The Doctor is In the Club

A Q&A with psychologist Ildiko Tabori, who holds office hours at the Laugh Factory
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“Doctors of the soul.” That’s how Laugh Factory owner Jamie Masada describes comedians, because they spend their time making other people happy. Who treats them in their times of need? Dr. Ildiko Tabori, for one. The psychologist has been working since 2011 in-house at Masada’s comedy club on Sunset Boulevard, where she provides therapy sessions to comics working through issues ranging from social problems to mental illness. We asked Tabori about her unusual job, the particular challenge of working with comedians, and what we all can learn from Robin Williams’ private struggles and shocking death

You offer therapy—in a comedy club. What’s like that?
Initially it was a little strange. Not in a negative way, but it’s kind of odd to walk into a comedy club and do therapy. I’m not doing it on stage clearly and I’m not doing it in the showroom area—I use offices upstairs—but I can sometimes hear a show coming up from two floors below. That took a little getting used to. Plus, trying to maintain the levels of confidentiality that I’m required to [is a challenge], because at this point everyone there knows who I am—I’m the psychologist! When a comedian follows me, it’s not like we’re going to hang out socially. I don’t talk about it, but a lot of the comedians out themselves as patients. But overall it has been a really positive experience.

What has the job taught you about comedians?
Comedians are nomads in a sense. They are living out of suitcases on the road. Most travel and do gigs on a weekly basis, so they spend a lot of time by themselves, a lot of time in airports, on airplanes, and in hotel rooms. They’ll do a show at night for however many nights and then they’re up and on to the next gig. That’s hard on relationships.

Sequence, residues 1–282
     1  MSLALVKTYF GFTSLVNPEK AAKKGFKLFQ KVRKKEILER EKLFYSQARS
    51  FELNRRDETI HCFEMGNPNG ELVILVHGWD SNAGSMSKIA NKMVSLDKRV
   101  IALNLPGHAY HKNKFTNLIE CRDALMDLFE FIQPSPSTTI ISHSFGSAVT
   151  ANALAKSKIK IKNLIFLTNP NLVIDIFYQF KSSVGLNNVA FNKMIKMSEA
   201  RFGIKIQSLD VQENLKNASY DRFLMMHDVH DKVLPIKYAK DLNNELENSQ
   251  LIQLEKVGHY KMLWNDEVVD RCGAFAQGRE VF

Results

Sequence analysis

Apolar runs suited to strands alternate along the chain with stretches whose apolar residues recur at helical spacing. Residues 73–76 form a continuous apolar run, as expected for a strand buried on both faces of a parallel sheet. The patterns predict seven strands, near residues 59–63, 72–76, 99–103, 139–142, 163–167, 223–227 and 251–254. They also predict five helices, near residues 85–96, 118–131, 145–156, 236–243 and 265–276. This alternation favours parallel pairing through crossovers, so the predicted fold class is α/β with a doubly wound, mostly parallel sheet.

Robin Williams’ suicide surprised a lot of fans and shined a light on depression. What do you hope people have learned from his death?
Mental illness, depression, anxiety, substance abuse, these things don’t discriminate. No matter how successful you are, how much money you have, or how much you are adored by society, it doesn’t mean you are happy. These things are very deep and internal, and the important thing is to live a well-balanced life. Work and also have fun. You have to experience the things that are important to you—your family, friends, your support system.

Do you find that comedians are more prone to psychological issues than others?
I don’t see comedians as any different than anyone else in terms of mental health issues. The problems they come in presenting are the same I see in my private practice: relationship issues, career issues, financial issues, childhood issues, depression, anxiety, substance abuse. [I’ve seen clients with] periods of undiagnosed bipolar disorder, but again, that can exist in the non-comedic population as well.

Is it harder to detect mental illness in comedians, though? Can’t humor mask important red flags?
I don’t think it’s different than the general population, no. I don’t have a harder time detecting problems, but I’ve also been doing it for a really, really long time.

Still, comedians can utilize some tools. Take for example someone with bipolar disorder. There are different levels of bipolar disorder. Bipolar mania is really hard to hide because people don’t make sense when they are in a manic episode, but bipolar hypomania can express itself as excessive inattention, anxiety, irritability, or aggression and anger, and we sometimes miss that connection when comedians process things on stage.

Do you ever find yourself laughing during a session with a comedian client?
Sure! I’ve never had the experience of a comedian sitting with me in the office and doing a set, so they don’t intentionally try to make me laugh, but they’re funny people. They’ll make observations about themselves, about the world, about others that they are processing with me in therapy, and it just comes off as funny. And if someone says something funny, I’m going to laugh.

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